Economy

Reuters poll: Japan strongly supports defense spending and many companies are close to curbing yen weakness

Reuters poll: Japan strongly supports defense spending and many companies are close to curbing yen weakness

By Rocky Swift

TOKYO (Reuters) – Japanese companies overwhelmingly support increased defense spending amid an escalating sword clamor in Asia, a monthly Reuters poll reported on Thursday, also showing that half of companies expect a weaker yen to hit profits.

North Korea has conducted seven ballistic missile tests since September 25 and last month declared itself a nuclear weapons state. Meanwhile, Chinese warships have made frequent raids in Japanese waters, and fears remain that Beijing will try by force to seize democratically governed Taiwan, which it claims is Chinese territory.

Amid these threats and escalating geopolitical tensions in the wake of Russia’s invasion of Ukraine, Prime Minister Fumio Kishida has pledged to “significantly” boost defense spending, which remains within his ruling party’s target of 2% of GDP.

The latest Reuters poll showed that 81% of Japanese companies support raising defense spending to this level. 67% of companies said they should pay for this with reallocation from existing funds, the most common answer among options that included options for various tax increases.

This was the first time the question about the size of the defense budget had appeared in a Reuters poll, but the result showed a marked change from an August 2018 poll when 23% of companies said defense budgets should be cut to pay for infrastructure investment.

A manager at an industrial ceramics company wrote, responding to his name on condition of anonymity: “In these turbulent times when some authoritarian states continue to carry out nefarious acts, there is no doubt that we must take action to protect ourselves.”

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During the time period of the last survey, North Korea launched a ballistic missile that passed over the Japanese mainland for the first time in five years. And in a survey last month, three-quarters of companies said they were concerned about a geopolitical crisis over Taiwan.

The rapid depreciation of the yen continues to weigh on business sentiment at companies and their resources to consider wage increases that have served as a key platform for the Kishida management.

The yen has been hurt by the growing gap between US and Japanese interest rates, having lost about 20% of its value against the dollar since the beginning of this year. The yen topped 146 against the dollar on Wednesday, surpassing a 24-year low that prompted Japan to intervene in the markets last month to bolster its currency.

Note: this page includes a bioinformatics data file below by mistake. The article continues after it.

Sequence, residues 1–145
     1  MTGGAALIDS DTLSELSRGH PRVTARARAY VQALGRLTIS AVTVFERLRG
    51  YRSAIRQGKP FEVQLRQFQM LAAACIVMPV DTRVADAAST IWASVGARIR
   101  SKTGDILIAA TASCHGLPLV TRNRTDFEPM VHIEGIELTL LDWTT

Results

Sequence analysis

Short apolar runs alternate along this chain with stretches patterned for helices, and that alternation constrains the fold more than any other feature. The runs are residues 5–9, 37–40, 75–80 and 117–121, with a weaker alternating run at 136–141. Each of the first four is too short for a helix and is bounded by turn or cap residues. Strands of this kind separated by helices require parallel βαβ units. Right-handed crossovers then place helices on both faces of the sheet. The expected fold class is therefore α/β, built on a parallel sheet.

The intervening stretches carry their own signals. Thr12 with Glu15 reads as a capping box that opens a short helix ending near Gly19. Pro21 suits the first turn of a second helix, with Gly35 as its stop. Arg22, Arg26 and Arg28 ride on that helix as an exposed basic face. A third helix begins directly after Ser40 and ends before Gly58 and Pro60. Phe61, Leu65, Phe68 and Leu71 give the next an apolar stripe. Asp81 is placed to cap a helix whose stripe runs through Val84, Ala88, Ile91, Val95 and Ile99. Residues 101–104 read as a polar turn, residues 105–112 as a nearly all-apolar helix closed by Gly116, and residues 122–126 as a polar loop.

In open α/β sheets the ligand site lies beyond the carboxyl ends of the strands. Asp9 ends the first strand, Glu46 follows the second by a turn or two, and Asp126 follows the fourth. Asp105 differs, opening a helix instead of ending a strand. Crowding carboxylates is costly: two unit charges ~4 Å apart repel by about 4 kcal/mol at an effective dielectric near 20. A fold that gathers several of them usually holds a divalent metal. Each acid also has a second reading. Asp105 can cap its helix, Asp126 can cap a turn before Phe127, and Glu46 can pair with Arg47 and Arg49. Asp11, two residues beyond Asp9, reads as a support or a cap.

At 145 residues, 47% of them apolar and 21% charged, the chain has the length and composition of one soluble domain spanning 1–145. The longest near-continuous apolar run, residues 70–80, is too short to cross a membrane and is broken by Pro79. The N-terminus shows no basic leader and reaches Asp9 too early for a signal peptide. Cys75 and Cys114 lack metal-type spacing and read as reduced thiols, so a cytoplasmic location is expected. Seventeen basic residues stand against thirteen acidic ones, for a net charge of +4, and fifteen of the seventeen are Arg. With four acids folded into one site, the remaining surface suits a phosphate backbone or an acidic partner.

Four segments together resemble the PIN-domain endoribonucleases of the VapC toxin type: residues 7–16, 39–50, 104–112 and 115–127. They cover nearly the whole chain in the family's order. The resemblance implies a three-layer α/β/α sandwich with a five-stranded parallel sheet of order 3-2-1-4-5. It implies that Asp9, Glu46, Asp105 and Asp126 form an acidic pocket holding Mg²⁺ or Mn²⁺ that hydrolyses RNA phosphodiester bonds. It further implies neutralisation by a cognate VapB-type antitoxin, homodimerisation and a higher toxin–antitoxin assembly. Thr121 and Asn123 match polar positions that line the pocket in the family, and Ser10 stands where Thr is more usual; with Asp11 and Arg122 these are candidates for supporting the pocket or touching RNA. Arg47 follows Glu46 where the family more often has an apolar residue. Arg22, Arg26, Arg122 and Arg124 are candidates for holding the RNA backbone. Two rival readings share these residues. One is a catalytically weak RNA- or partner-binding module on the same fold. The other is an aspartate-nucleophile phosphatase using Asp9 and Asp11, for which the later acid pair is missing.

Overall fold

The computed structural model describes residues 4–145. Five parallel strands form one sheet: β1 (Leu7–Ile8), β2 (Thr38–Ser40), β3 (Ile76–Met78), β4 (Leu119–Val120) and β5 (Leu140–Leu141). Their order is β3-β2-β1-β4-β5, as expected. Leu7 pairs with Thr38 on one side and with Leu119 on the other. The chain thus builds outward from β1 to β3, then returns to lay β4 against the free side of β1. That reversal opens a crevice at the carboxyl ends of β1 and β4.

Half of the companies surveyed expected a weak yen to hurt profits through the end of January, compared to 29% who had expected it to increase profits.

That’s little changed from a Reuters poll in April, when 48% of companies expected a weaker yen to hurt earnings, versus 23% who expected an increase.

slow growth

Among those affected by the weak yen, 64% said they were adjusting by raising prices, the most common response. Diversification of raw material sources was cited by 28% of companies, the same percentage that said they use energy and labor conservation efforts.

Three-quarters of companies, surveyed before the yen hit a new low this week, said they could not offset the currency’s decline beyond the 145 mark.

โ€œCurrently we are responding by passing on higher prices, but we have come to the point of tolerating higher prices, and this could be a major factor in declining profits in the future,โ€ said a manager at a wholesale company.

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With regard to employee wages, 61% of respondents said they were considering increases but had not yet decided on this level. The rest said they did not plan for wage hikes or increases of 5% or less.

Only 23% of respondents said current business conditions are good, with 21% expecting the business environment to be favorable during January.

The Reuters Corporate Survey, conducted by Reuters Research, included 495 large Japanese non-financial companies on the condition of anonymity, which allowed them to speak more freely.

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